Cinnamon may reduce blood glucose levels, reports a new study.
In the recent study, adult participants under 30 years old were randomly assigned to receive plain breakfast cereal or breakfast cereal with six grams of ground cinnamon. Half of participants were of normal weight, and half were obese. Researchers measured blood glucose concentration every fifteen minutes after the breakfast cereal consumption, for two hours.
Data analysis showed that participants consuming cinnamon had significantly lower blood glucose at 15, 30, 45 and 60 minutes after cereal consumption. After two hours, the cinnamon group had a significantly higher blood glucose than the plain cereal group. However, the peak blood glucose in participants consuming cinnamon was much lower than that of the participants not consuming cinnamon. BMI did not affect blood glucose.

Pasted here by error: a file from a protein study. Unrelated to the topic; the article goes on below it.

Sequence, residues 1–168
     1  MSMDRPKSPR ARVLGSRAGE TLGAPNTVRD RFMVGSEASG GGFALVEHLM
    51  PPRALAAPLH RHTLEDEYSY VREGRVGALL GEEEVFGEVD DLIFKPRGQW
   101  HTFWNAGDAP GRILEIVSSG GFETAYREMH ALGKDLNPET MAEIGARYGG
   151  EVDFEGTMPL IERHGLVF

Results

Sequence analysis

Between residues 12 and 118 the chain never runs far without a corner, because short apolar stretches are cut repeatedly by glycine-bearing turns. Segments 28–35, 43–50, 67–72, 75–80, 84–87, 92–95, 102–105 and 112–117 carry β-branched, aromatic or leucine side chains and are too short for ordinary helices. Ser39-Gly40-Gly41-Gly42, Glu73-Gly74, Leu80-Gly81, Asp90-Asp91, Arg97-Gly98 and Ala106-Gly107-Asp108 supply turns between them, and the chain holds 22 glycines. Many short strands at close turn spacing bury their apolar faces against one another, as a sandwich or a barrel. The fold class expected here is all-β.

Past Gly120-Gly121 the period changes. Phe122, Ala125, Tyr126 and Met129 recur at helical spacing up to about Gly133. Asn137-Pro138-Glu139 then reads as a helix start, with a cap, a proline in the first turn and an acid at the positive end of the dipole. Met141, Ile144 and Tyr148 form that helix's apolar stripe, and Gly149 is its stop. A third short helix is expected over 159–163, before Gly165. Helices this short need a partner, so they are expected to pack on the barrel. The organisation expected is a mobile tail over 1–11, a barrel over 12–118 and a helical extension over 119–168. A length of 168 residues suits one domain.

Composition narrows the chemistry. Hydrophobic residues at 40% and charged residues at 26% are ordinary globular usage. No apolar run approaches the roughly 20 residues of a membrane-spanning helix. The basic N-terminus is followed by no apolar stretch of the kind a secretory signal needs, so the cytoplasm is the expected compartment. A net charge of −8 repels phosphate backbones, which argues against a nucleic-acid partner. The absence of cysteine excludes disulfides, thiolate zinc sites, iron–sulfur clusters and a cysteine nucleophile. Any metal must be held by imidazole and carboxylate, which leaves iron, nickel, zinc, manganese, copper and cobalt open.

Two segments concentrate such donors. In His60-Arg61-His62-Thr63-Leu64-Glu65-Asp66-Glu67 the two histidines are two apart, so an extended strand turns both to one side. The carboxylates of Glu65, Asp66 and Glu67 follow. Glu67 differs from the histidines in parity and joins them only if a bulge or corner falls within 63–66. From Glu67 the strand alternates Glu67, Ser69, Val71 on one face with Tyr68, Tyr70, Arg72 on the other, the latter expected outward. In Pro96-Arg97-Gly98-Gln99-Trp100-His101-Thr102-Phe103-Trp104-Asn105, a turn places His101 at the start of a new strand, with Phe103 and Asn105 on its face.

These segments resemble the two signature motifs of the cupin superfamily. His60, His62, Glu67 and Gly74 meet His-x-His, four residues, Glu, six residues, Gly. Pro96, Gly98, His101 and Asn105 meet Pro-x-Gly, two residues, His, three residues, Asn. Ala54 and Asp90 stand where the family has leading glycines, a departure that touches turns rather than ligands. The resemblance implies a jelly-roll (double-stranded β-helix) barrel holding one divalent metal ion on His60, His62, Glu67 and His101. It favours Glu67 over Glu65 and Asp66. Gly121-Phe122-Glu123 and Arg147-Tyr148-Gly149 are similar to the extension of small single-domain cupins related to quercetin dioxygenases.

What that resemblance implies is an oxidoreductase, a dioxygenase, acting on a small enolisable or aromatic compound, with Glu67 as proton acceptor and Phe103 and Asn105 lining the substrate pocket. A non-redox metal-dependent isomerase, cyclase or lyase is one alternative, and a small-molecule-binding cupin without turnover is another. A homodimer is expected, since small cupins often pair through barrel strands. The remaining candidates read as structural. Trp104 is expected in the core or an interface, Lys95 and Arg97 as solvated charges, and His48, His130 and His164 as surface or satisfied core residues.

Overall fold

Researchers concluded that cinnamon may reduce the fluctuation of blood glucose after a meal. Further research on this topic is warranted.
For more information about cinnamon, please visit Natural Standard's Foods, Herbs & Supplements Database.
The information in this brief report is intended for informational purposes only, and is meant to help users better understand health concerns. This information should not be interpreted as specific medical advice. Users should consult with a qualified healthcare provider for specific questions regarding therapies, diagnosis and/or health conditions, prior to making therapeutic decisions. Copyright © 2017 Natural Medicines Inc. Commercial distribution or reproduction prohibited. Natural Medicines is the leading provider of high-quality, evidence-based, clinically-relevant information on natural medicine, dietary supplements, herbs, vitamins, minerals, functional foods, diets, complementary practices, CAM modalities, exercises and medical conditions. Monograph sections include interactions with herbs, drugs, foods and labs, contraindications, depletions, dosing, toxicology, adverse effects, pregnancy and lactation data, synonyms, safety and effectiveness.